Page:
Taiwan, “gateway” to Southeast Asia

Last October and November we went with a group of 25 students for our studytour to Taiwan. During this trip we visited several companies and organizations to find answers to our main question why Taiwan is an attractive country to do business. The aim of the study tour is to discover business in another country in combination with enjoying the nature and culture of a country.

The main question we would like to answer during our study tour is which factors influence the decision to do business in Taiwan. To answer this question, we looked at economic and political factors. We have been to several companies such as PwC, Grant Thornton and the Shanghai Commerical & Savings Bank. We have also been to the Taiwan Stock Exchange, the Dutch trade office and the university and these visits have helped us to learn more about doing business in Taiwan.

“Economic power is shifting from the Atlantic to the Pacific Rim and Taiwan is seen as a gateway to Southeast Asia.”

Taiwan is a country that is located next to the east coast of China and  in between Japan and the Philippines. That immediately leads us to the first advantage of doing business in Taiwan, the central location in Asia. Economic power is shifting from the Atlantic to the Pacific Rim and Taiwan is seen as a gateway to Southeast Asia. In addition, Taiwan is high on all kinds of lists, such as ‘the ease of doing business’ and purchasing power. Which indicates that Taiwan has a developed and open economy. Taiwan has a high production and export capacity, particularly in the area of ​​high-tech and knowledge-intensive industry.

For specific Dutch companies is good help available to start doing business in Taiwan. The NTIO, Netherlands Trade & Investment Office, is a kind of embassy and helps companies with all kinds of Taiwanese rules and helps them with the right connections. During our study trip we had the opportunity to visit the NTIO. An example of what the NTIO does was the visit of a Dutch delegation a week after our visit. This delegation included the CEO of Philips, Frans van Houten, and the mayor of Almere. The goal was to connect the Taiwanese and Dutch business community. Other countries such as Germany and France have also such trading offices in Taiwan.

“The Taiwanese government is trying to make the country as attractive as possible for companies.”

The Taiwanese government is trying to make the country as attractive as possible for companies. One of the most important buttons that politicians can turn in order to achieve this are taxes. In 2010, the government decided to reduce the corporate tax rate from 25% to 17% in order to attract more foreign companies and become more competitive. The tariff is therefore lower than the average rate in Asia. Taiwan also tries to cluster all kinds of companies that are in the same industry in the country, such as in the Netherlands in Eindhoven with technological companies.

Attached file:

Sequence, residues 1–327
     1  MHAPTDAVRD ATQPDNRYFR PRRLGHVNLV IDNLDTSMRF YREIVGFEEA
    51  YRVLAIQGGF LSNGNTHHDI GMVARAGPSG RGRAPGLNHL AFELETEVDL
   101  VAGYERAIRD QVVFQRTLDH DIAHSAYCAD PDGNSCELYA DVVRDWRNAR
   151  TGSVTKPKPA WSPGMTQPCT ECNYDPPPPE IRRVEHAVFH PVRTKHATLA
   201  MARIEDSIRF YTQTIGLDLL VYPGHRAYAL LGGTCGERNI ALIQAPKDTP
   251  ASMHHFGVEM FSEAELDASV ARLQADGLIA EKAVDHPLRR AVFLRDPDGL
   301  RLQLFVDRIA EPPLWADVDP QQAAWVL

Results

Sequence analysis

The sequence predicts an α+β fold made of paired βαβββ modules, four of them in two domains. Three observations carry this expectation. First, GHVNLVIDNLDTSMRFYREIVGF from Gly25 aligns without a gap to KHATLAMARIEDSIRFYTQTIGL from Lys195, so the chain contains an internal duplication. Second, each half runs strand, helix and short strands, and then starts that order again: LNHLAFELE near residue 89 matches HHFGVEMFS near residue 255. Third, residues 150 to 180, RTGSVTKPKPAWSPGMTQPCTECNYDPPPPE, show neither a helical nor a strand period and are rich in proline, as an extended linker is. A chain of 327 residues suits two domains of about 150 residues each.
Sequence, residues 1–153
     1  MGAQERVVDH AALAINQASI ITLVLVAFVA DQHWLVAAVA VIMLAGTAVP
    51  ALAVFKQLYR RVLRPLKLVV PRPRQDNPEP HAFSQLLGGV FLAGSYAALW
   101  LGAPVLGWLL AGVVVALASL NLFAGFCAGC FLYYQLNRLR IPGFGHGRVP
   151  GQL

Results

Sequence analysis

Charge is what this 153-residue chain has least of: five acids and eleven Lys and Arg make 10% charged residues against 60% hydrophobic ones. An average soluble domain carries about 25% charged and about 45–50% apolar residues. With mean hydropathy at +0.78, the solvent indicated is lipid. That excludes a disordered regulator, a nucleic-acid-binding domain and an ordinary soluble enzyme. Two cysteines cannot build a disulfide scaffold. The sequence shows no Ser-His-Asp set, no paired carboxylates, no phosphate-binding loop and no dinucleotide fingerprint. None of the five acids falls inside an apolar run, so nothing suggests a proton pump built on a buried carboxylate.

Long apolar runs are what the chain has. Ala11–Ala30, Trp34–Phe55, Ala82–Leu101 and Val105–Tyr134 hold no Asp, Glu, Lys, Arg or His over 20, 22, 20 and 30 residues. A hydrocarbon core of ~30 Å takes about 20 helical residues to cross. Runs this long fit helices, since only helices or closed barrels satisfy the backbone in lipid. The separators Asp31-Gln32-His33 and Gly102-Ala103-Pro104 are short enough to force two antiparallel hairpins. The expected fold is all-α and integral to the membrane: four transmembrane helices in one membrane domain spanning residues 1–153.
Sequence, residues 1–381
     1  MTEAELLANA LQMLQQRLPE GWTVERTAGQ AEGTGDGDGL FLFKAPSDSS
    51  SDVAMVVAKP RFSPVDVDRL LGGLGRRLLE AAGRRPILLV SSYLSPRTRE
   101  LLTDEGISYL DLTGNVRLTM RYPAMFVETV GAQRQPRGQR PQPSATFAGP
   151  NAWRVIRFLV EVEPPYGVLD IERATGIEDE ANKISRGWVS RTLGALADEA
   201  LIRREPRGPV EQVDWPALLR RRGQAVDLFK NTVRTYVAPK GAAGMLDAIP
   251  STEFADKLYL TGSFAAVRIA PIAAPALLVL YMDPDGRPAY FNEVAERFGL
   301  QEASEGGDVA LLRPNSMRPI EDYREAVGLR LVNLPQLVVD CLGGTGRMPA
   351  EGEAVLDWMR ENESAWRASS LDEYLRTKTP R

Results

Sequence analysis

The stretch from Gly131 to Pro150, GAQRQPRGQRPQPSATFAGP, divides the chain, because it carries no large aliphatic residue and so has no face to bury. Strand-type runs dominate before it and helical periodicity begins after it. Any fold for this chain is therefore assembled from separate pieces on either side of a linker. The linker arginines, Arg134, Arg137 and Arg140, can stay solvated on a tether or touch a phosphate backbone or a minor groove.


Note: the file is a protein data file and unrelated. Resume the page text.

Another factor that influences the business climate is political stability. Although the situation with China is still very complex and Taiwan is politically a stable country and comparable to the Netherlands. Taiwan has a parliamentary democracy and politics is not corrupt. The country is on the international list of political stability over other Asian countries such as China and South Korea. Another political factor is how much the government tries to intervene in the business climate with all kinds of rules. Taiwan is 13th on this rankings above China, South Korea, Japan and even the Netherlands. In Taiwan, companies therefore have great economic freedom.

Historically, Taiwan is known for its political relationship with the People’s Republic of China. The People’s Republic of China still claims that Taiwan is part of China and it is also called Republic of China. In contrast to China, Taiwan argues that it has all the characteristics of its own state. The China-one rule applies to every country in the world. If a country officially recognizes Taiwan, then China will break all trade relations. Economic cooperation, however, is allowed by China and this means that the tension between China and Taiwan is irrelevant to business as long as all countries respect the China-one rule. At present, Tsai Ing-wen is the Taiwanese president and she is certainly not pro-China. She thinks that Taiwan has all the characteristics of an independent state. She is also not a fan of communistic China, but she recognises the importance of the trade between Taiwan and China. The bond with the US, on the other hand, is good and she called with Donald Trump after his election and that was the first time since 1979.

In short, given the economic and political factors, Taiwan is a favourable country to start or expand your business. The location is very centrally located in Asia making it a gateway to the Southeast Asian market. The economy of Asia is ‘booming’ at the moment. The NTIO plays an important role in entering the Taiwan market for Dutch companies. Finally, the Taiwanese government plays an important role in making the business climate for businesses as favourable as possible, for example through low taxes and the clustering of companies.